If you haven’t listened to our current podcast about Vengeance, Mercy, and Justice, it’s something I’ve been noodling on for a few weeks. It started with this quote from Adam Smith, “Mercy to the guilty is cruelty to the innocent.” Too often, our society “lets off” those who are well-connected at the expense of those who have been the victims of their violence or greed. Such “mercy” only adds more pain to those they harmed.
And yet, mercy is what we want for ourselves and those we love, even if we have wronged and offended innocent people. And when we or someone we love suffers at the hands of another, our cry isn’t for mercy but justice. It’s strange, isn’t it? We want mercy for our failures and justice for those of others.
How does God sort through the wake of human pain and brokenness, dispensing both mercy and justice in a way that does not excuse the evil done or revictimize those wronged? Complex questions, to be sure. I don’t know how God does it or will do it when he sums up all things at the end of the age, but I trust him with it. Walking that line between justice and mercy is something we find challenging to do.
Even our cries for justice are often thinly veiled hopes for vengeance. We want people who cause heartache for others to suffer indescribable pain and call it justice. How often have we heard that “justice was served” by a murderer being put to death or dying by his own hand? But was it? Did it restore the life of the one they murdered or right the wrong they had done? Of course not.
The other day, I was talking about this with my friend, Luis, and he shared a recent dream. He was in a battle with a vicious hoard, primarily humans, but also mixed in were animal-human hybrids. He had expended all his ammunition, and still, they came toward him to destroy him. In the fury of adrenaline and the frustration of a losing battle, Jesus came to him in the dream.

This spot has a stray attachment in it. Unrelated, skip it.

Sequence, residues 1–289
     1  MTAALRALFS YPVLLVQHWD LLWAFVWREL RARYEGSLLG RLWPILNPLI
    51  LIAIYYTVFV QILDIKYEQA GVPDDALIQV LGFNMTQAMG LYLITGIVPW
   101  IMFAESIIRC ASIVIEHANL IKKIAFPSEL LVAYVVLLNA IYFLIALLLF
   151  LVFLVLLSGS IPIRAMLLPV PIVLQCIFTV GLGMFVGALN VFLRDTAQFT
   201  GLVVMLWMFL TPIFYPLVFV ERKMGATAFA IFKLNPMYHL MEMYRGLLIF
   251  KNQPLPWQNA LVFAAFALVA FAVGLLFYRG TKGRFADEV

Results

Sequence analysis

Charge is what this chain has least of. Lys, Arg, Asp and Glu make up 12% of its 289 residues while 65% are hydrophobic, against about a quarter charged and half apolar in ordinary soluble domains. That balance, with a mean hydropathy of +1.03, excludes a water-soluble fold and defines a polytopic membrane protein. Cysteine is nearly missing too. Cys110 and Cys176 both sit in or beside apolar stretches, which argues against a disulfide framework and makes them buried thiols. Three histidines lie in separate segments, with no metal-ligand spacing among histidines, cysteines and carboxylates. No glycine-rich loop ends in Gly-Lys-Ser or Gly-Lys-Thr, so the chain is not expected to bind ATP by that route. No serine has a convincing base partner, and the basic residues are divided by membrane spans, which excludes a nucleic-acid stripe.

“What do you want, vengeance or justice?” Jesus asked him with Luis breathless and terrified
All of his emotions screamed for vengeance in the rage of his own powerlessness. But with Jesus standing there, he knew that was best. “I want justice.”
“Then you better let me fight for you,” Jesus responded, and there the dream ended.
I’m not sure all that means, but as we talked about it, we realized how easily the adrenaline of our fear and anger spills over into feelings of vengeance. We have no idea where the dividing line is. Learning to live in his love will invite us to let Jesus fight for us. He has to show us the way where love can walk through the darkness without being exploited by those who are destructive and also know when he’s inviting us to lay our lives down for someone else’s good. Only he is wise enough to negotiate this space where mercy and justice are complements to each other, not competitors.
I love the instructions he gave his disciples: “Go and learn what this means: ‘I desire mercy, not sacrifice.’” The economy of the coming kingdom is based on a mercy that doesn’t excuse evil nor allows us to be exploited by it. It’s a long process to learn the power of that statement and discover that his mercy is greater than any sacrifice of time, money, or life that we can offer him.
Who is sufficient for these things? We are not. How much more pain have we caused by trying to save ourselves or fix a situation that is beyond us? Of course, that does not mean we quietly suffer abuse or injustice. Allowing him to fight for us is not lying down and suffering the abuse of others. It means we will first find our refuge in him. He is the only one that can hold us in any storm, heal the damage we have suffered, and make up for what others have stolen from us. From there, he may well show us a way to resist those who seek to abuse us or help others find the justice they deserve. But now, we won’t be doing it with vengeance or our limited wisdom or power, but responding where love and justice dance together in his victory.
Micah invites us into that same reality: “He has shown you, O mortal, what is good and what the Lord requires of you: To act justly and to love mercy and to walk humbly with your God.” (Micah 6:8). And I think the “with your God” phrase at the end applies to all of the previous invitations:
Do justice… with your God!
Love mercy… with your God!
Walk humbly… with your God!
Because, in fact, that’s the only way we can do those things.